• Doubleheaders in baseball and softball - Baseball and softball each have schedules and traditions that can easily accommodate doubleheaders to decrease the number of dates of competition and therefore the associated travel costs. Let's play two!


  • Do a cost/benefit analysis of environmental resource usage - Two examples come to mind - using stadium lights during broad daylight for television broadcasts and the current practice by many field hockey programs of watering AstroTurf fields . The water and energy aren't free and these are hard to defend environmentally. The analysis can determine if the use is truly necessary.

  • Move starting and championship dates to make seasons more traditional - Hockey, a winter sport, played its first regular season game on October 10. The two teams in the championship game at Frozen Four will conclude their season on April 11 - a six month span that is nearly seven months when exhibition play in SEPTEMBER is included in the equation. Football,volleyball, soccer, field hockey largely begin practice during the first week of August. Lacrosse, baseball, softball, tennis, golf and the rest of the spring sports start practice in early January and competition in early February. We all love sports, but the continued expansion of season length is expensive.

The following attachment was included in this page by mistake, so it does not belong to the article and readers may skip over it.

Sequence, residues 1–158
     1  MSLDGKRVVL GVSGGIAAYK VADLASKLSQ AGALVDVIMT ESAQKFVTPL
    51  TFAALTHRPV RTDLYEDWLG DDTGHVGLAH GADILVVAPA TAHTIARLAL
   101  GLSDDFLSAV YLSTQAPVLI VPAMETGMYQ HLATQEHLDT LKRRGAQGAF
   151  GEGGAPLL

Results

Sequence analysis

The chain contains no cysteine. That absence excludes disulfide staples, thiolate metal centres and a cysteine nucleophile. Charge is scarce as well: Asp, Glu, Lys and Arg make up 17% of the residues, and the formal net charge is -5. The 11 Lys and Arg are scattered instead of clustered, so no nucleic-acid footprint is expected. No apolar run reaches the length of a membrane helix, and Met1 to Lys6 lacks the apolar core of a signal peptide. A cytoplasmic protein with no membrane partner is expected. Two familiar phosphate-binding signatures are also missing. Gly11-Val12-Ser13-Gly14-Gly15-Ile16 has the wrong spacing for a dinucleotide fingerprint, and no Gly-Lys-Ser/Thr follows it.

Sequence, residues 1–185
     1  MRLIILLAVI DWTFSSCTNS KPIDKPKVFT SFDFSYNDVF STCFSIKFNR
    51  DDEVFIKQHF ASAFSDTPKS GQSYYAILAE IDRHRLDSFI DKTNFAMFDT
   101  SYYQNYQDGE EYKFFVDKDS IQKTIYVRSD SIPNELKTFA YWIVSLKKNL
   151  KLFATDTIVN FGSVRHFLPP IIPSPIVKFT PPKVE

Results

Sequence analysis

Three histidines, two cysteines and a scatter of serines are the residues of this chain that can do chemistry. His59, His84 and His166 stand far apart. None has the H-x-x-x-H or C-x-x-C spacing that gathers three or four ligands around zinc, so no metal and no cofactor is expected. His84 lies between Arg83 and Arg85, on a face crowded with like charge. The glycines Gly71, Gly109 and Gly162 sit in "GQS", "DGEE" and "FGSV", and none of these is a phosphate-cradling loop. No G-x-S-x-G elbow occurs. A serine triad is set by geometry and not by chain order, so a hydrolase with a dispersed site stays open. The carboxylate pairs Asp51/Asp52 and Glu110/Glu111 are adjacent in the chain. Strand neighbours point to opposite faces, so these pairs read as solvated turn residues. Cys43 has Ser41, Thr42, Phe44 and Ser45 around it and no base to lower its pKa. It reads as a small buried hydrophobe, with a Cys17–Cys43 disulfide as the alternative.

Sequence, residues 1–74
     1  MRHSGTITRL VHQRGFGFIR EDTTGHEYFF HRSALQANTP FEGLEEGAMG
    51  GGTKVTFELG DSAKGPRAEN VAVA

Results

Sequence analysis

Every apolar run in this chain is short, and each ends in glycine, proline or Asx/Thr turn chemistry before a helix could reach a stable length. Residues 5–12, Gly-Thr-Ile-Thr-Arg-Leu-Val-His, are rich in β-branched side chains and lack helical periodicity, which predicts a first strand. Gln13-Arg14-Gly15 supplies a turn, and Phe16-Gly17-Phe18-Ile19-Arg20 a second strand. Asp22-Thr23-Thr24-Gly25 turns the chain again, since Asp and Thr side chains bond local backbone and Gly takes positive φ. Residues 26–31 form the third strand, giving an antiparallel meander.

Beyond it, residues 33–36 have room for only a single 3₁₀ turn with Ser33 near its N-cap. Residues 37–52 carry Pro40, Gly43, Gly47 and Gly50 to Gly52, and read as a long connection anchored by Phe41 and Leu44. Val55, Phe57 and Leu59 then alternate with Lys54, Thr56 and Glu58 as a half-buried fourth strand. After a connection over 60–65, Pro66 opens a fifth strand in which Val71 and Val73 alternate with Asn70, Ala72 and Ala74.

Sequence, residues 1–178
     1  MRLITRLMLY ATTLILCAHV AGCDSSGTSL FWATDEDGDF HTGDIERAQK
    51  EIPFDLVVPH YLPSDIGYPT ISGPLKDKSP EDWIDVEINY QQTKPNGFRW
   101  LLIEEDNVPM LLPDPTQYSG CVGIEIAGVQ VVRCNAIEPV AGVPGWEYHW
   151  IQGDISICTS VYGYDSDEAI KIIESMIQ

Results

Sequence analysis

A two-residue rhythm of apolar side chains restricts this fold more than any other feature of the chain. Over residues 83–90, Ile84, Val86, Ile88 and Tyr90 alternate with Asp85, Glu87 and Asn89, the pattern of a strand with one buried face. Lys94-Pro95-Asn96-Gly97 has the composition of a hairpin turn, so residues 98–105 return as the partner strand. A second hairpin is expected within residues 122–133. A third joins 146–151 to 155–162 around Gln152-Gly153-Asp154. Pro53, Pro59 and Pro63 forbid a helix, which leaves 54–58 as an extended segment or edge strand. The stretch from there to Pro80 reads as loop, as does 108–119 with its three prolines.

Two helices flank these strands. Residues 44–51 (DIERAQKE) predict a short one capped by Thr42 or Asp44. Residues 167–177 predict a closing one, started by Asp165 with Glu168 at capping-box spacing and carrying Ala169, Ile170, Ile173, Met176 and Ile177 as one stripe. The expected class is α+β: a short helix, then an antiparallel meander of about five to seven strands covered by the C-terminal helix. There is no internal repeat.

• Officiating costs - Conferences are competing to get the best officials for their games through differential wages. The result is increased officiating costs every year. Further, officiating crews are expanding. Men's and women's hockey just added a fourth official. Men's basketball has used three officials for years. Baseball umpiring crews continue to expand. Video replay is becoming an expectation in many sports. These costs add up quickly.